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Prosecutor Calls for Volkswagen Fraud Probe in Spain

Oct. 19, 2015
Spain's public prosecutor has asked the country's High Court to investigate because the scandal is "a national affair that affects hundreds of thousands of people."

MADRID—Spain's public prosecutor on Monday asked the country's High Court to investigate Volkswagen for possible fraud over the pollution-cheating software installed in diesel engines by the German auto giant.

The prosecutor has argued that the court has the jurisdiction to open the probe because the scandal is "a national affair that affects hundreds of thousands of people", a judicial source told AFP.

It has alleged that the company possibly committed the crimes of fraud,  violation of consumer protection norms and attacks against the environment, the source added.

Nearly 684,000 diesel cars of the Volkswagen brands--VW, Audi, Skoda and Seat--have been sold in Spain in recent years fitted with the pollution-cheating software, according to VW's Spanish unit.

A small public sector workers union, Clean Hands, has filed a private criminal complaint against Volkswagen in Spain as has an international association for the defenSe of people who bought cars fitted with the software.

Clean Hands has lodged criminal complaints in most major cases of political and corporate corruption in Spain in recent years.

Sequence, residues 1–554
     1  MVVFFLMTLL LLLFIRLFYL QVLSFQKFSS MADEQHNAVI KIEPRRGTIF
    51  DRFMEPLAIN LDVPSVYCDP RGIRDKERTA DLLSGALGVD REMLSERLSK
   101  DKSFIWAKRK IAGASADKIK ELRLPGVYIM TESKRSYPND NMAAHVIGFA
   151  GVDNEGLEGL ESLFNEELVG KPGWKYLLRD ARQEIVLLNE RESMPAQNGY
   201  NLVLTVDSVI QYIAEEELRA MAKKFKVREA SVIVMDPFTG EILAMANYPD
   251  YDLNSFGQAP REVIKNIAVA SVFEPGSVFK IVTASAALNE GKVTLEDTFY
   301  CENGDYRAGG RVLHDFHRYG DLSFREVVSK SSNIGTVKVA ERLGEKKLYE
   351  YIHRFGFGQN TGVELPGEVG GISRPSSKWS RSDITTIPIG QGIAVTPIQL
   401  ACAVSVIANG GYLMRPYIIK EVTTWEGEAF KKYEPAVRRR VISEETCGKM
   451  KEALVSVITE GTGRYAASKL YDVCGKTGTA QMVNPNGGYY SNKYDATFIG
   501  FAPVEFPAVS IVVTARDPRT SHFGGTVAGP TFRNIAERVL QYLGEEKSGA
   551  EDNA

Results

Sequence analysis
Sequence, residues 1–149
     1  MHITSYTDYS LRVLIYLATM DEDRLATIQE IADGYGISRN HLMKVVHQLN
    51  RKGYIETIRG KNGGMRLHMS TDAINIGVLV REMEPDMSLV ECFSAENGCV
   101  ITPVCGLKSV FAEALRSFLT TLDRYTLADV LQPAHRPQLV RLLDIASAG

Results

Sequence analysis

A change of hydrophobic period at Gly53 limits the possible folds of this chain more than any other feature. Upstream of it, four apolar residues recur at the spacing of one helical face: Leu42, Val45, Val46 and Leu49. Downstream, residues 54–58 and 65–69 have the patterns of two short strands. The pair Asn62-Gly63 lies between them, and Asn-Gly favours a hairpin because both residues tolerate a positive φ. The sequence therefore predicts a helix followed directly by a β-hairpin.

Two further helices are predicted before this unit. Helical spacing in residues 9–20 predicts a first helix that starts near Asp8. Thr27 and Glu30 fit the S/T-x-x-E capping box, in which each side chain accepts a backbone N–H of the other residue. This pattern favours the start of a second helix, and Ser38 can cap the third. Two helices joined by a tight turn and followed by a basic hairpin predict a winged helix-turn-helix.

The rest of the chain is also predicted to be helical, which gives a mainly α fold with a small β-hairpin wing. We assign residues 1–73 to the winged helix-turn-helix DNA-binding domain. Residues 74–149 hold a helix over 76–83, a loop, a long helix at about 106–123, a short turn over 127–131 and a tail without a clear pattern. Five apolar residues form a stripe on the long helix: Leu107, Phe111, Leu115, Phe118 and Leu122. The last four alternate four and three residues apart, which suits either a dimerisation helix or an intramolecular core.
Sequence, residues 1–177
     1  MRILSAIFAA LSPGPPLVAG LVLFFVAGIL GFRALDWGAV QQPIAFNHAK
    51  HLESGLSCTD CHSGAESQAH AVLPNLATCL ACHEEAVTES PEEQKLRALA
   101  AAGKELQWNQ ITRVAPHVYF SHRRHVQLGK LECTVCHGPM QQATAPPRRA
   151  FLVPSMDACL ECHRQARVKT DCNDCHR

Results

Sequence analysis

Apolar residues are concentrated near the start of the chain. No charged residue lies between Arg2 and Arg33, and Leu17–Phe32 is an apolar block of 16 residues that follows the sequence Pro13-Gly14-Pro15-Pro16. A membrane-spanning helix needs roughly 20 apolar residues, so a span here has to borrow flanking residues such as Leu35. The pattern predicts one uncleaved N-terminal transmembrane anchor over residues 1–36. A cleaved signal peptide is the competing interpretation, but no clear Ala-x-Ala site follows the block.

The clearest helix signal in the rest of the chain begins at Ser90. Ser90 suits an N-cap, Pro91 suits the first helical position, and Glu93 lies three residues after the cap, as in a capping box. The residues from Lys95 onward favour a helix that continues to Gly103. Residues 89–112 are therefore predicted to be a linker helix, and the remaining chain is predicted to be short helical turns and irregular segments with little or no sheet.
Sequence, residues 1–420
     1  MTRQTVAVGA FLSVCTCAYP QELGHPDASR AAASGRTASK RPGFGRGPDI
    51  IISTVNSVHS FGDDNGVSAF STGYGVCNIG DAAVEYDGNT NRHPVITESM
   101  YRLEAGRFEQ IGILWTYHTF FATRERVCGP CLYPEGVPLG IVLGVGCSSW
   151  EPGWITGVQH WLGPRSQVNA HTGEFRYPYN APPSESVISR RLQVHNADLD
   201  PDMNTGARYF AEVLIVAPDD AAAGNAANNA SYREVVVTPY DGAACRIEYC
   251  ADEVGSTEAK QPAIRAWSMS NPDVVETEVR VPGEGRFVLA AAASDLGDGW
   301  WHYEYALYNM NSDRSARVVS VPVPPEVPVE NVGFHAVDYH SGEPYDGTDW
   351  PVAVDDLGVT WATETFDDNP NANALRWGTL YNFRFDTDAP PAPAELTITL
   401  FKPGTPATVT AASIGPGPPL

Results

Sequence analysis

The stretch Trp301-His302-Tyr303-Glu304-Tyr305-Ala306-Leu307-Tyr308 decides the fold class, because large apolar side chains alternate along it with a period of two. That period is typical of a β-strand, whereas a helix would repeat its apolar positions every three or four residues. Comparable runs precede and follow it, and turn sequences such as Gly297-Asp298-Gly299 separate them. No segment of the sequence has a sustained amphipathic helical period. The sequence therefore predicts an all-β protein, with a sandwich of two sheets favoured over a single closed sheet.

French prosecutors last week launched a preliminary investigation into possible fraud over the Volkswagen scandal, adding to a raft of judicial probes worldwide, including the United States, Italy and Germany itself.

EU authorities are also pushing for an EU-wide investigation amid claims several governments had long been aware that something was wrong.

Volkswagen sparked global outrage last month when it admitted that 11 million of its diesel cars worldwide were equipped with so-called defeat devices that activate pollution controls during emission tests but turn them off when the car is on the road.

Volkswagen has already said it will set aside 6.5 billion euros in provisions in the third quarter, but the company's new chief executive, Matthias Mueller, has acknowledged this was just the start as it only covers the estimated cost of fixing the vehicles.

Copyright Agence France-Presse, 2015

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